Resource Room in Special Education
This essay provides a general overview of the resource room. The resource room is designed to assist individuals who demonstrate weaknesses in the fundamentals of education. For individuals with disabilities, the resource room is an educational placement option. The resource room provides a broad continuum of service delivery options, strategies, and teaching methods. The pullout, self-contained, and collaboration/consultation models are a few of the available placement options. The purpose of this paper is to provide general information on the history, definitions, management, physical facilities, and future challenges of the resource room.
Keywords Collaborate; Consult; Education for All Handicapped Children Act (P.L. 94-142); Individuals with Disabilities Education Act 2004 (IDEA 2004); Individualized Education Plan (IEP); Itinerant; Multicultural; Normalization; Physical Facilities; Pullout; Related Service Personnel; Related Services; Resource Room; Self-Contained Classrooms
Special Education: The Resource Room in Special Education
For individuals with disabilities, the resource room is an educational placement option. The resource room provides a broad continuum of service delivery options, strategies, and teaching methods. The pullout, self-contained, and collaboration/consultation models are a few of the available placement options.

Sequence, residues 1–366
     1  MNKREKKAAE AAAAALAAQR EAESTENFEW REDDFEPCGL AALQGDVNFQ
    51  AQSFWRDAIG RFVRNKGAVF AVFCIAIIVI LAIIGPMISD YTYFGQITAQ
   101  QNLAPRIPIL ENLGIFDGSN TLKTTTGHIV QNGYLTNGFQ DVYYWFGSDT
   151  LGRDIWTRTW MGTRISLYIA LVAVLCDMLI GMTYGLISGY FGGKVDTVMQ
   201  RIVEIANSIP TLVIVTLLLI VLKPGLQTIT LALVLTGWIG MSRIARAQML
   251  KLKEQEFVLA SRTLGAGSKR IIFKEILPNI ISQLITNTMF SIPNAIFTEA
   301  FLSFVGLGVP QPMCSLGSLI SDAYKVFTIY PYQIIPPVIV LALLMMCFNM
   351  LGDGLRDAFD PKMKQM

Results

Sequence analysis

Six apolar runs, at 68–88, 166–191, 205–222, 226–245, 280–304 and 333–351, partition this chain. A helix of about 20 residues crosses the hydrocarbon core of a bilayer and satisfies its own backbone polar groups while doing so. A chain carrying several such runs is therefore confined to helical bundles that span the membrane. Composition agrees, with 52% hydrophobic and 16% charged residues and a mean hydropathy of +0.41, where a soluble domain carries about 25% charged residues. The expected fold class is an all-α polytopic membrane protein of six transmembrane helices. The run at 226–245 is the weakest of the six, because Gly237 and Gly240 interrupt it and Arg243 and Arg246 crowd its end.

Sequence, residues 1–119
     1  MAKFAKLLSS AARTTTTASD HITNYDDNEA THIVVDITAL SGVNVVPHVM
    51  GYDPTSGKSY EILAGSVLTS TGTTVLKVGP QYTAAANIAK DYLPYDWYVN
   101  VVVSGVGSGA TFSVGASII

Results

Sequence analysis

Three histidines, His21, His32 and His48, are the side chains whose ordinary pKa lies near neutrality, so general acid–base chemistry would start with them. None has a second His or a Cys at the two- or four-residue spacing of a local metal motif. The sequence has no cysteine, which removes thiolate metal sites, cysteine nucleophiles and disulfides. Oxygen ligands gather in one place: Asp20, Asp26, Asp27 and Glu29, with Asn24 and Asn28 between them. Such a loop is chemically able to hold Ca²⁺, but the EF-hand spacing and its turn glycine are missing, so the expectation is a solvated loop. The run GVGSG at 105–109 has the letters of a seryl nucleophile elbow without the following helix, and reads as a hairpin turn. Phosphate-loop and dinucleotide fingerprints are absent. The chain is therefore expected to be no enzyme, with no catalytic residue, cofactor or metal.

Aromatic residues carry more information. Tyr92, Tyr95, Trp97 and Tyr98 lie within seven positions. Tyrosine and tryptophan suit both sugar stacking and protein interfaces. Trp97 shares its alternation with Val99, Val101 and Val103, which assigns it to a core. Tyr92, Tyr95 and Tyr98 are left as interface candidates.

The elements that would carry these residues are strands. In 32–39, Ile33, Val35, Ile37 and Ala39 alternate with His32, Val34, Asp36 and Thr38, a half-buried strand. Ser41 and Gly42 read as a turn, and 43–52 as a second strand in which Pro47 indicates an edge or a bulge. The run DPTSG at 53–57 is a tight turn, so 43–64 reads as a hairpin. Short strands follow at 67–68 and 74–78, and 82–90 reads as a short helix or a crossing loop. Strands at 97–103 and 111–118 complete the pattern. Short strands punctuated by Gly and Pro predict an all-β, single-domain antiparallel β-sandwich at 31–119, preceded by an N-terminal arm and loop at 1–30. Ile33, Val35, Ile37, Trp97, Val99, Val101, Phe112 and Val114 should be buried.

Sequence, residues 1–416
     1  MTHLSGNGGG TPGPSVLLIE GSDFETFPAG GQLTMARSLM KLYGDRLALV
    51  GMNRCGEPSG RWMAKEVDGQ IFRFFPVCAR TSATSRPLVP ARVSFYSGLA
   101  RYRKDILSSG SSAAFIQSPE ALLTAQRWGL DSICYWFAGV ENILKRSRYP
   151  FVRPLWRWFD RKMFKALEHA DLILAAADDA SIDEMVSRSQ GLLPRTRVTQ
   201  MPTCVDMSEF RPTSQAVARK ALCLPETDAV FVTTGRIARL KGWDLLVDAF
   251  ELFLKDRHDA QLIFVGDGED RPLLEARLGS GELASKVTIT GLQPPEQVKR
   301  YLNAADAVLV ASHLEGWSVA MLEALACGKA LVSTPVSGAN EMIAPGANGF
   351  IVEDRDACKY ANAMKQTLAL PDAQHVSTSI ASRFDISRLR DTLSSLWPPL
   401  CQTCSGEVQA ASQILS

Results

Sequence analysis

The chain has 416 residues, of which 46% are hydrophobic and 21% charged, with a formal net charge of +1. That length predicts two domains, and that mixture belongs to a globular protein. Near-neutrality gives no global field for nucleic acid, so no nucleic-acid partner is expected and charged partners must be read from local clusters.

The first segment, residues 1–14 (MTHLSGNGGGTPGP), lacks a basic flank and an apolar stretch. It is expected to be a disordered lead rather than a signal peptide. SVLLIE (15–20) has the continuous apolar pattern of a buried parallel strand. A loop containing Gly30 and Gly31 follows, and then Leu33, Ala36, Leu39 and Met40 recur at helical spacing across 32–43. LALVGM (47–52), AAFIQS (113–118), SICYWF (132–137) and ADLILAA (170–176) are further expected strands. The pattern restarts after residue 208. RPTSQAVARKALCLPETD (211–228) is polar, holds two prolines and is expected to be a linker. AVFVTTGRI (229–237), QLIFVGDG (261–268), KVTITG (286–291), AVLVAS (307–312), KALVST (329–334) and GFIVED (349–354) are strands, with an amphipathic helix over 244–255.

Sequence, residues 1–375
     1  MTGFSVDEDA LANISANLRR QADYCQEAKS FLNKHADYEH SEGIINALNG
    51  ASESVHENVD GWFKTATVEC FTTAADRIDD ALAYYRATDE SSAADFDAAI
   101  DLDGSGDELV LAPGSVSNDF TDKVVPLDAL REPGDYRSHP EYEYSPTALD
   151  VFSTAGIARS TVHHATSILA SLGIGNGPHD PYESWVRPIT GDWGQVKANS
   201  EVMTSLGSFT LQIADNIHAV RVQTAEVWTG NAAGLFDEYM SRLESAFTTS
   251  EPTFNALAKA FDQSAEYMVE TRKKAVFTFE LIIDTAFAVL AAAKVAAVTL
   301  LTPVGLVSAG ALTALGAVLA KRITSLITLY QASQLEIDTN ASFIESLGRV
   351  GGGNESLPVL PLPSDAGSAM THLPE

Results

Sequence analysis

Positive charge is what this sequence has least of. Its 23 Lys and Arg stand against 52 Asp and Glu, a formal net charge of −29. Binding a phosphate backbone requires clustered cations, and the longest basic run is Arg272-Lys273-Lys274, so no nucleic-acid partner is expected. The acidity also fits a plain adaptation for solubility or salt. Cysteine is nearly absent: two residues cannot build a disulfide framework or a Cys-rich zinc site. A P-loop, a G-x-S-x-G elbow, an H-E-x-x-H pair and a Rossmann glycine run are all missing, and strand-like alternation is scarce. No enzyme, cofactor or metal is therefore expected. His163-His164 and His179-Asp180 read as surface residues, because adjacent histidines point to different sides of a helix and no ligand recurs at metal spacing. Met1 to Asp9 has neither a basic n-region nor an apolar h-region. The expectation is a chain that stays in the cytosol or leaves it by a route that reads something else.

The goal of the resource room is to plan, develop, and provide educational strategies that meet the unique and varied learning needs of an individual with a disability. In order to be an educational placement option, the individual must demonstrate an educational disability (i.e., learning disability, autism, hearing impairment, etc.) and found eligible for special education and/or related services. Each state has a system, which is guided by federal requirements, to identify and provide services to individuals with disabilities. Additionally, an Individualized Education Plan (IEP) must be developed indicating a need, frequency, and duration of placement in the resource room. The purpose of this paper is to provide general information on the history, definitions, management, physical facilities, and future challenges of the resource room.